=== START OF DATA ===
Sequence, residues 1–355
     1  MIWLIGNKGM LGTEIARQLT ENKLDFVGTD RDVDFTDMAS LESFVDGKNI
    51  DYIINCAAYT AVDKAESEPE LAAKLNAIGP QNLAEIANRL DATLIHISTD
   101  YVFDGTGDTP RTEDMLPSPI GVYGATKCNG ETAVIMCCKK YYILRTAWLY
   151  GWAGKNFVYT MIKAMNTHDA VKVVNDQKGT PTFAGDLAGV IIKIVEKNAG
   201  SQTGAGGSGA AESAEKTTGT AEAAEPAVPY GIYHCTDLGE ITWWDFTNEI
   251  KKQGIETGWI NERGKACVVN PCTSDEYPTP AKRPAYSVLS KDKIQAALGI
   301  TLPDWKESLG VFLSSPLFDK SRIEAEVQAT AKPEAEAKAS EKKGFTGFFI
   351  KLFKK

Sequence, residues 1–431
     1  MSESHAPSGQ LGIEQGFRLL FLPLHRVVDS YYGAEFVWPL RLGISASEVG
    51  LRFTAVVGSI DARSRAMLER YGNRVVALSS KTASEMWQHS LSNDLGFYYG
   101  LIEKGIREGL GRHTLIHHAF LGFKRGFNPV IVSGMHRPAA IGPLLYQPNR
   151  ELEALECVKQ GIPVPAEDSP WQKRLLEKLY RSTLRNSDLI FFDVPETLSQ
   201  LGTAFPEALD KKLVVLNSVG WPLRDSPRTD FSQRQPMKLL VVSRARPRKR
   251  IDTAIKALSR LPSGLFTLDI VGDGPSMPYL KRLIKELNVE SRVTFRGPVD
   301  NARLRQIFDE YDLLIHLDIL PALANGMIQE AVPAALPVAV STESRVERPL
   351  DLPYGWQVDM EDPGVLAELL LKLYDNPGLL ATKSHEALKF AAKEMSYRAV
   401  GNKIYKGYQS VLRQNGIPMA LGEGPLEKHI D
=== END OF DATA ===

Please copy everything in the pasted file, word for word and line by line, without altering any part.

Sequence, residues 1–355
     1  MIWLIGNKGM LGTEIARQLT ENKLDFVGTD RDVDFTDMAS LESFVDGKNI
    51  DYIINCAAYT AVDKAESEPE LAAKLNAIGP QNLAEIANRL DATLIHISTD
   101  YVFDGTGDTP RTEDMLPSPI GVYGATKCNG ETAVIMCCKK YYILRTAWLY
   151  GWAGKNFVYT MIKAMNTHDA VKVVNDQKGT PTFAGDLAGV IIKIVEKNAG
   201  SQTGAGGSGA AESAEKTTGT AEAAEPAVPY GIYHCTDLGE ITWWDFTNEI
   251  KKQGIETGWI NERGKACVVN PCTSDEYPTP AKRPAYSVLS KDKIQAALGI
   301  TLPDWKESLG VFLSSPLFDK SRIEAEVQAT AKPEAEAKAS EKKGFTGFFI
   351  KLFKK

Sequence, residues 1–431
     1  MSESHAPSGQ LGIEQGFRLL FLPLHRVVDS YYGAEFVWPL RLGISASEVG
    51  LRFTAVVGSI DARSRAMLER YGNRVVALSS KTASEMWQHS LSNDLGFYYG
   101  LIEKGIREGL GRHTLIHHAF LGFKRGFNPV IVSGMHRPAA IGPLLYQPNR
   151  ELEALECVKQ GIPVPAEDSP WQKRLLEKLY RSTLRNSDLI FFDVPETLSQ
   201  LGTAFPEALD KKLVVLNSVG WPLRDSPRTD FSQRQPMKLL VVSRARPRKR
   251  IDTAIKALSR LPSGLFTLDI VGDGPSMPYL KRLIKELNVE SRVTFRGPVD
   301  NARLRQIFDE YDLLIHLDIL PALANGMIQE AVPAALPVAV STESRVERPL
   351  DLPYGWQVDM EDPGVLAELL LKLYDNPGLL ATKSHEALKF AAKEMSYRAV
   401  GNKIYKGYQS VLRQNGIPMA LGEGPLEKHI D